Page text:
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Surviving Suicide: Blame, Shame & Resilience

Updated: Dec 16, 2019



Last Saturday was International Survivor of Suicide Day. Such a long title that encompasses so much pain and grief for those of us left standing there, like waiting for the bus on a frigid day, which never comes. After this final act is completed, there are so many questions, could I have done more, how did I not see that it had come to that point in their mind? So many unanswered mantras that play respectively in the mind of the survivor.


For me, my Mom’s suicide was the culmination of years of enduring painful emotional abuse and narcissism. She lived her life like a steamroller, flattening anyone in her path that got in her way, including her children. The trauma of her suicide was two-fold, the actual event of the shooting and the subsequent love-hate grief which tied me up in knots.


I wanted to say so many things. Scream them, from my voiceless soul. Why wouldn’t you get help, topped the list. The guilt I felt in the realization that my life was easier with her gone. The shame that I hadn’t acted in a stronger way, forcing her to get evaluated. Was it my fault? I was the only child living in the same state as her, my brother screamed at me, I should have done more. He judged my non-action, as another narcissist and my other main abuser and condemned me.


For my father and my brother, in the end it all boiled down to money. How much she had, who it would go to, how to clean her house out fast and sell everything. I remember walking through the rooms with a box, taking keepsakes and pictures, my brother looking in it and saying, “hey wait we could sell that figurine.”


As sick and dysfunctional as it was, I realized in a frozen moment of time that I had no one. I began to sleep less, drink more and work harder to not feel my feelings. The tremendous weight of the loss was a dark covering that shifted my lens of perspective from I’m working to be the better version of me to nothing matters anymore, my hope stripped away and I was invisible. Funny thing was, I had spent years finding my voice and working in therapy, EMDR, reading books on emotional and physical abuse, but none of that work seemed evident anymore. I was at ground zero, everything I had learned didn’t apply because at the end of the day, I told myself: I let my Mom die. My heart was always so heavy in my chest fragments of shame, loss and blackness and I truly felt I was to blame. Her suicide had made the already long struggle of dealing with my abuse, into a vast and empty wasteland where nothing ever felt right. I missed her, I didn’t, I hated her for how she had treated me, but I loved her and wanted her love. It was a spiraling quagmire of despair and questioning of my worth that seemed to have no end.


Today as I reflect back, I can’t pinpoint the exact time when I laughed again, or didn’t end the day in tears. I just know that one day I did laugh again. It was unexpected, like I wanted to turn around and say who did that? Who made that beautiful sound? The healing came in different forms through other people who were caring and supportive, held space with me, really saw me, all my flaws and my beautiful cracked heart, too. The shift into healing after the loss came so slowly, I had someone say to me once, you just have to let it go. It happened, how long are you going to hold onto it? I didn’t have an answer; I just knew that if anything was going to change it would not be on a timeline I could dictate. I was tired of feeling like I had the wrong emotions. I knew too that the chaos and grief I felt was because of so many unresolved pinpricks of pain from my childhood as well as her final act.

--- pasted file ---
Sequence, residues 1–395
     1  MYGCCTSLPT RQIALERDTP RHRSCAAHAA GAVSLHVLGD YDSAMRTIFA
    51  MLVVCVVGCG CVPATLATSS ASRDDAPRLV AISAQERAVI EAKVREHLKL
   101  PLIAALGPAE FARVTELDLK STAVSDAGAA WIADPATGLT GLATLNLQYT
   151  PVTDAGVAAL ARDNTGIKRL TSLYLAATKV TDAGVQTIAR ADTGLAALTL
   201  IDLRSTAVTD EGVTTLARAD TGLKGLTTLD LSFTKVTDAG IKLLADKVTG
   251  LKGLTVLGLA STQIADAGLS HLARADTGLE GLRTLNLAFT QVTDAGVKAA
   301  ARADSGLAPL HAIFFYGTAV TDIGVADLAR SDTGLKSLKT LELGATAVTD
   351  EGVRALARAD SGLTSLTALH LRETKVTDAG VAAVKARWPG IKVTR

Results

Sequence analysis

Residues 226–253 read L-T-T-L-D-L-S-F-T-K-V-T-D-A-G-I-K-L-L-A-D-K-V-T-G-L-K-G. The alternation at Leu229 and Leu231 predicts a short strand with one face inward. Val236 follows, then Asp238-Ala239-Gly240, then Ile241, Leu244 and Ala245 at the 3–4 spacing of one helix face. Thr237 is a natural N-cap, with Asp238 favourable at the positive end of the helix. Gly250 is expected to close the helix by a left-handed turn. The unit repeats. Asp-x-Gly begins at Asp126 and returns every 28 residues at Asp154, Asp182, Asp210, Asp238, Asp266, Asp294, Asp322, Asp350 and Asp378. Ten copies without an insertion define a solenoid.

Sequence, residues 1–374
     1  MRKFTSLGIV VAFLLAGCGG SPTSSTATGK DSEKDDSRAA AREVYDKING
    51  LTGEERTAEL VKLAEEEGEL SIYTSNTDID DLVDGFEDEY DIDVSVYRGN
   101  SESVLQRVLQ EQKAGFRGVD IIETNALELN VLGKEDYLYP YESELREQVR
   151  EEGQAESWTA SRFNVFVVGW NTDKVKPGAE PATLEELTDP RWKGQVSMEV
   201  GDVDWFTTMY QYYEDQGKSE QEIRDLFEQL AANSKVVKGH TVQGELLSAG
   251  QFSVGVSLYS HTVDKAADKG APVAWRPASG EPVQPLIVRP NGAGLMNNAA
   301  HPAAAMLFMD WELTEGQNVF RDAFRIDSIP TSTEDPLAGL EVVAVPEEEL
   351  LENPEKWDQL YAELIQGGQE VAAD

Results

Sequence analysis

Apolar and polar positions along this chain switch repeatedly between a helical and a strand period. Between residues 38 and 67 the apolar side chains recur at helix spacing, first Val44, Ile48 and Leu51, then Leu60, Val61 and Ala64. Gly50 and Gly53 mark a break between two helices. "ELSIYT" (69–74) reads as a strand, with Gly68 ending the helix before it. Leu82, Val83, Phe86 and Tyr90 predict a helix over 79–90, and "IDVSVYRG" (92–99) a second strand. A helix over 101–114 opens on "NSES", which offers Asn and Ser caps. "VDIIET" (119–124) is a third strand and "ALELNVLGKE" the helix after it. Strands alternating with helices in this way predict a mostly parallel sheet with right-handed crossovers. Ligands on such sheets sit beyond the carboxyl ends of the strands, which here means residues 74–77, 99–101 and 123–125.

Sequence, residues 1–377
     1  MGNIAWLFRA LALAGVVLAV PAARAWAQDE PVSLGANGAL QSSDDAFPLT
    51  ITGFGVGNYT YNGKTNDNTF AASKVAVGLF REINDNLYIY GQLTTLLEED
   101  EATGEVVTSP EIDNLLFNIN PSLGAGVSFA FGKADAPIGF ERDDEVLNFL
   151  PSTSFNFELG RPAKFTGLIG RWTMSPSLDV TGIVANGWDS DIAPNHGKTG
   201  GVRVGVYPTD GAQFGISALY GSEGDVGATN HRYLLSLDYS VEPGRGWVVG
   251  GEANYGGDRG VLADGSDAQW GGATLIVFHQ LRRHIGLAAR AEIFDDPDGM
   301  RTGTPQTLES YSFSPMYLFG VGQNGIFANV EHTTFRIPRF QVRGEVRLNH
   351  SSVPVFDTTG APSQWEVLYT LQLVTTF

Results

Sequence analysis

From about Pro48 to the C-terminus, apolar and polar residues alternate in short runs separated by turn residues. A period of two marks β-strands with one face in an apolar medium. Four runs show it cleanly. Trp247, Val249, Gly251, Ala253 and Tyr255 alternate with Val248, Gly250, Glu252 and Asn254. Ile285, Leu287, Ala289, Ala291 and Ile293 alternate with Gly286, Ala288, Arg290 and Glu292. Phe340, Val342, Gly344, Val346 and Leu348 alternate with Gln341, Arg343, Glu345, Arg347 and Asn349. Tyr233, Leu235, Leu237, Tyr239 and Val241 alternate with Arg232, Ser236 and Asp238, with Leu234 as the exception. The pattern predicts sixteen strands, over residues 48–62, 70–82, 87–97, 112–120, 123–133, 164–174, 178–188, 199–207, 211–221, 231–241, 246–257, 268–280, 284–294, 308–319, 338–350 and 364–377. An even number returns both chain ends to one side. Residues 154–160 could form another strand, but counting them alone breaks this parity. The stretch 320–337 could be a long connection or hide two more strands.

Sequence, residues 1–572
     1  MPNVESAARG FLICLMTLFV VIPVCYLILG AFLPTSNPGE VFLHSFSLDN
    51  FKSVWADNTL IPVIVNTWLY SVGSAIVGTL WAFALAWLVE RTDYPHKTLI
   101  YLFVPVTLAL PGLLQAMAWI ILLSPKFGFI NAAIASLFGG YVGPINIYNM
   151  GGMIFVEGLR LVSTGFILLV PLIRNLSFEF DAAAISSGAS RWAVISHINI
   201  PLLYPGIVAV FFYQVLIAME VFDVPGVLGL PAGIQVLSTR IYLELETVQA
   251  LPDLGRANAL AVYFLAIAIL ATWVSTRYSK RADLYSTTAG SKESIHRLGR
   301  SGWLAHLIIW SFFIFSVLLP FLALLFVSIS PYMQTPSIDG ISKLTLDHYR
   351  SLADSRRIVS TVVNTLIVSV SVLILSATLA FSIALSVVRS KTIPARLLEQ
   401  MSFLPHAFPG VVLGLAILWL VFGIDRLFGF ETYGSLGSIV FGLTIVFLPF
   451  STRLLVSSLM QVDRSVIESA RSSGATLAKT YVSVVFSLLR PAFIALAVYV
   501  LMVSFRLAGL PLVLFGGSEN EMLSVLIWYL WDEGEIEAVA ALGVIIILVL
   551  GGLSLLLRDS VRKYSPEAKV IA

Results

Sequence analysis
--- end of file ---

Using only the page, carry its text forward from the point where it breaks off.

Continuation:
I began the long trudging road of mending a shattered heart and learning to love myself. It was in fits and starts; my inner critic was loud, demanding and boisterous. I would stop when my head was spinning and look at what the thoughts were and say out loud, ‘that is a lie and not who I am.’ Little things were happening inside of me when I would have a success even if no one else termed it as that. I would smile inwardly and feel my heart expand. The turning point in healing for me was when I decided to enforce no contact with my brother. I felt empowered and I’ve never regretted that decision. My strength was starting to grow up through the cracks in the ice. The blackness in my heart was beginning to recede.


The truth of the matter was that I wasn’t to blame for her choices. There was no shame in not being the perfect daughter of a narcissist. That thought is laughable because I could never have lived up to her ever-changing expectations of perfection. I wasn’t alone, even though I felt alone. I mattered, even when I thought I didn’t. Today, I think of my Mom and I feel pain for her but I don’t live in shame or blame of self anymore. And that is truly one of the finest gifts I’ve ever given me.


If you are struggling with suicide loss, I encourage reaching out, leaning on and letting others love and support you. My heart is heavy for anyone in that place of utter desolate despair, it's tough stuff. And if some days are harder than others, please know that others have been there. We are all traveling this journey together and you matter.


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